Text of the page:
Logo of AppSignal

Menu

Elixir Alchemy

Demystifying processes in Elixir

Jeff Kreeftmeijer on

Welcome to the first edition of Elixir Alchemy, an e-mail series about Elixir by your friends at AppSignal. In this edition, we’ll learn how processes work in Elixir by deconstructing the Task module. Along the way, we’ll learn what processes are, how they communicate, and how crashes are handled. Let’s dive right in!

The Task module

One of the abstractions Elixir provides around processes is the Task module. It’s used to spawn a process that executes a single action, without communicating with other processes. It’s frequently used to turn a sequential program into a concurrent one by running multiple functions asynchronously.

1
2
3
4
5
6
7
8
9
defmodule API do
  def random do
    time = :rand.uniform(1000)
    :timer.sleep(time)
    time
  end
end

IO.inspect [API.random, API.random, API.random]

In the example above, we have an API that returns random numbers under 1000. Its only deficiency is that the number that’s returned is also the number of milliseconds the call will take. For example, if the random number this API returns is 517, the function will sleep for half a second before returning the results. Unlucky as we are, we need three random numbers, so we’ll have to call the API three times. With each process potentially taking a second to return, this piece of code can take more than three seconds to run.

We can make this code asynchronous by starting three Tasks, which will start three processes that will run their own API call concurrently. After they’ve all been started, we await their results and print them out all at once.

1
2
3
4
5
6
7
[
  Task.async(&API.random/0),
  Task.async(&API.random/0),
  Task.async(&API.random/0)
]
|> Enum.map(&Task.await/1)
|> IO.inspect

This way, the code will only take as long as the slowest call, instead of all of them combined.

Although this is quite a simple example, there’s a lot going on that’s abstracted away by the Task module. What’s going on under the hood? By knowing what happens after we call Task.async/1, we can get a better understanding of processes in Elixir, and it’ll make code that uses the Task module easier to debug when something goes wrong. To do that, we’ll have to go a little deeper to learn more about how processes work in Elixir, and therefore in Erlang.

Processes in Erlang

Erlang’s processes are managed in the VM instead of by the operating system, allowing them to be lightweight and really fast to spawn. Due to the lack of process pools and the low memory footprint, Erlang programs can spawn as many processes as needed. To handle all of these processes, Erlang starts one scheduler per core which schedules time for each of the processes in its run queue. Erlang will even take care of load balancing between your schedulers.

To prevent transient bugs and the need for locks, Erlang’s processes don’t share memory. They can only communicate with each other through message passing.

To spawn a new process from the current one, Elixir provides the spawn/1 function, which takes a function as its only argument. The function we pass will run in a newly spawned process, after which it disappears again.

1
spawn(&API.random/0) # => #PID<0.82.0>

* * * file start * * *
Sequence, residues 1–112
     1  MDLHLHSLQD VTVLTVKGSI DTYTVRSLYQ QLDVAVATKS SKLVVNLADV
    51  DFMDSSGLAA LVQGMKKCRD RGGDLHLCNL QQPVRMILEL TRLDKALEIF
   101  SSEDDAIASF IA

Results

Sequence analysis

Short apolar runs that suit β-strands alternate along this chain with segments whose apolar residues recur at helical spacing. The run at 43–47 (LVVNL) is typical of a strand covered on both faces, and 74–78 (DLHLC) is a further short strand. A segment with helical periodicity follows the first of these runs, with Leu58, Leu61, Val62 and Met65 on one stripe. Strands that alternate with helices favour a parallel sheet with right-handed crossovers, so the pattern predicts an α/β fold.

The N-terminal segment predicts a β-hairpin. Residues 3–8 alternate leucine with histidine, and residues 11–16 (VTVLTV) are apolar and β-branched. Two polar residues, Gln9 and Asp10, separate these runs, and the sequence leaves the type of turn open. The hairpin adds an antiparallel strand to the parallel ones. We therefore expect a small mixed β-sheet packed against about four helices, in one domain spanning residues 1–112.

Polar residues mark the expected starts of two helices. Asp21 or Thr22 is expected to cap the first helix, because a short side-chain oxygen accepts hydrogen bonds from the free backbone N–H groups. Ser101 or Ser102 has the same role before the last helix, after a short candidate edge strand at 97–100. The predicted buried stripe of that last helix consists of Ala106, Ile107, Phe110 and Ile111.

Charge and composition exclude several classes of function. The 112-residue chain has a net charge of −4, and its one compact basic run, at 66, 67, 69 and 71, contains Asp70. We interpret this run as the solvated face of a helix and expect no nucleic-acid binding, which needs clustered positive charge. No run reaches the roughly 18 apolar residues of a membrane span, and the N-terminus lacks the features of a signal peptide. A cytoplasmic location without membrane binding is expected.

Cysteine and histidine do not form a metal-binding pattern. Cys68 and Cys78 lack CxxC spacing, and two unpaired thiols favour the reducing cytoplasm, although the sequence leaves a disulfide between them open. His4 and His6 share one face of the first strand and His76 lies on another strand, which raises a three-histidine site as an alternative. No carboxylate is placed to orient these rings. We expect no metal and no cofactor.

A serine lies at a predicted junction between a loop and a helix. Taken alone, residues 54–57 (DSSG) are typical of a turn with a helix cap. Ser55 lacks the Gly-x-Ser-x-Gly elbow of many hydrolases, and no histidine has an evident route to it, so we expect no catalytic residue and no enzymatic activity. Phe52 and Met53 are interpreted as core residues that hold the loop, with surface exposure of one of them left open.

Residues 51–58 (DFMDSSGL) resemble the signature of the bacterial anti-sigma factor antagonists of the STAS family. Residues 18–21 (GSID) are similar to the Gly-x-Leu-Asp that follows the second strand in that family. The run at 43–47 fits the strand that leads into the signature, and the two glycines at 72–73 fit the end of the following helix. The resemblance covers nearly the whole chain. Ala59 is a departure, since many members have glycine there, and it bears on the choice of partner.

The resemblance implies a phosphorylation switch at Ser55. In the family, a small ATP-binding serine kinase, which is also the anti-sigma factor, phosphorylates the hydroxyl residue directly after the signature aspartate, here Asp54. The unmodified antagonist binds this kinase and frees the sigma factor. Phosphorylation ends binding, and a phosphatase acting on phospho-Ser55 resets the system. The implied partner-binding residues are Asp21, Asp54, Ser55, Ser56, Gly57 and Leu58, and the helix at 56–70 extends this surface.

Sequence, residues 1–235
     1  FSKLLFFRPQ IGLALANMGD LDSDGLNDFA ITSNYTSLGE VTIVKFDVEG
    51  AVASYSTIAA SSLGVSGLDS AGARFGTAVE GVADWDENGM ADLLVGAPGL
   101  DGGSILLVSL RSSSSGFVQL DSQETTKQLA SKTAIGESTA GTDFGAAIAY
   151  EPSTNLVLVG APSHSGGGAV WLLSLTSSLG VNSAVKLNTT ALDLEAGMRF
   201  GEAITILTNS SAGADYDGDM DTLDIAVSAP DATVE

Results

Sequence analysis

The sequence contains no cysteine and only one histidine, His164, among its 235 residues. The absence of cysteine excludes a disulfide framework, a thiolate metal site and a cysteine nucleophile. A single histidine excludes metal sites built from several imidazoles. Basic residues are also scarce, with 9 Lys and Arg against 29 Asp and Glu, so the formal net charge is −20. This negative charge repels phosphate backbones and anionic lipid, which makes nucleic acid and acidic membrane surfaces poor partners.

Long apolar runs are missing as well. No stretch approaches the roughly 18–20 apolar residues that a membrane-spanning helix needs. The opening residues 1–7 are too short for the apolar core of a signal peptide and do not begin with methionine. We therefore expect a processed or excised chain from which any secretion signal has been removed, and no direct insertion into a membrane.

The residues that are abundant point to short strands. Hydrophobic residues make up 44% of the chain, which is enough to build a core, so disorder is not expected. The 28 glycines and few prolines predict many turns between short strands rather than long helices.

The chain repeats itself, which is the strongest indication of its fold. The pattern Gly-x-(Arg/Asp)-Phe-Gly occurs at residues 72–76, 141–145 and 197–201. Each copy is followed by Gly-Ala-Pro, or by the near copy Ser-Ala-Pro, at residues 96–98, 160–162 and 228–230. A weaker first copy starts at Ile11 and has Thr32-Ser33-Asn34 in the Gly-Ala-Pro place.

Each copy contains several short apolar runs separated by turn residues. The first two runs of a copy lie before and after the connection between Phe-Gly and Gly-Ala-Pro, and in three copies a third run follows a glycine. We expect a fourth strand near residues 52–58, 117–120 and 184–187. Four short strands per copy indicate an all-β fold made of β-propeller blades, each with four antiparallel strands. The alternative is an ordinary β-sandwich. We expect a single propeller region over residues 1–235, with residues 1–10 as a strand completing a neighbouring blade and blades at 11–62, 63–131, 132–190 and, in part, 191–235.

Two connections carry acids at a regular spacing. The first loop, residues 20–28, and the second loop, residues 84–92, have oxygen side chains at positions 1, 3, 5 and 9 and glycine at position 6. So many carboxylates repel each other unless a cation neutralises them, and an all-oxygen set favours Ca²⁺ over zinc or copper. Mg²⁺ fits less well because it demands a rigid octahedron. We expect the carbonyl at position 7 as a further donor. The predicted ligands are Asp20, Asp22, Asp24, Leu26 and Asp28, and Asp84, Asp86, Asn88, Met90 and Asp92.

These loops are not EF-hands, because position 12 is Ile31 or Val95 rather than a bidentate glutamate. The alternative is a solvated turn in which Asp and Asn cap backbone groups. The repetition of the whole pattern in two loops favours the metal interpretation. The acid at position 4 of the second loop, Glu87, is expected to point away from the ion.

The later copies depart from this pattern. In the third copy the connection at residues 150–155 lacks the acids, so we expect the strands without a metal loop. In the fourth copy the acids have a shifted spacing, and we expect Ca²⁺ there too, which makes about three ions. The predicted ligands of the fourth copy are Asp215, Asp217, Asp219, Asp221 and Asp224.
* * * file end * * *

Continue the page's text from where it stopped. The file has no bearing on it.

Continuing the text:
Because the function will run asynchronously in another process, we don’t immediately get the result back. Instead, we receive a process identifier, or “PID”. We can use that PID as an address to send messages to our new process.

Messaging

Elixir’s processes communicate with each other by sending messages to each other’s mailboxes. A process can send a message to any other process, as long as it has the PID of that process as an address to send the message to.

To retrieve the result from a spawned process in the parent process, the spawned process needs to send it to another process. To send a message to a process, Elixir provides the send/2 function.

1
2
3
4
5
6
send(self(), :hello)

IO.puts receive do
  :hello -> "Hello to you too!"
  unknown -> ~s(Received unknown message: "#{unknown}")
end

In the example above, we’re sending the message :hello to the current process by using self/0 to get the current process’s PID. For a process to retrieve a message from its mailbox, Elixir provides receive/1, which matches messages from the mailbox to the given patterns. If one matches, the message is removed from the mailbox and the pattern’s block is executed. If none match, the message is placed back into the mailbox to be reviewed at a later time.

To get the resulting value of a function run in another process, we need to send a message from the spawned process to the process that spawned it. A process doesn’t know which process started it, because processes are completely isolated from each other. If we want to send a message back to the “parent” process, we’ll have to pass its PID when spawning a process.

Using the “parent” PID, the function that’s spawned in the new process can send its results back to the parent process using the send/1 function.

1
2
3
4
5
6
7
8
9
parent = self()

spawn(fn() ->
  send(parent, API.random())
end)

receive do
  random -> IO.puts "Received #{random}"
end

The parent process is then tasked with receiving the message and acting on it. It uses the receive/1 function to retrieve a message from its mailbox. This blocks the parent process, as it’s waiting for the result of the function we spawned.

If a message comes in, the receive/1 function picks it up, and we’re able to pattern match on the message’s value. In this example, we’ll simply print it out after removing it from the mailbox.

Crashes and timeouts

When spawning a new process, one thing to keep in mind is that it might crash before it had the chance to send its message back to the parent process. In such cases, the example above would hang on the receive/1 block indefinitely, causing a deadlock.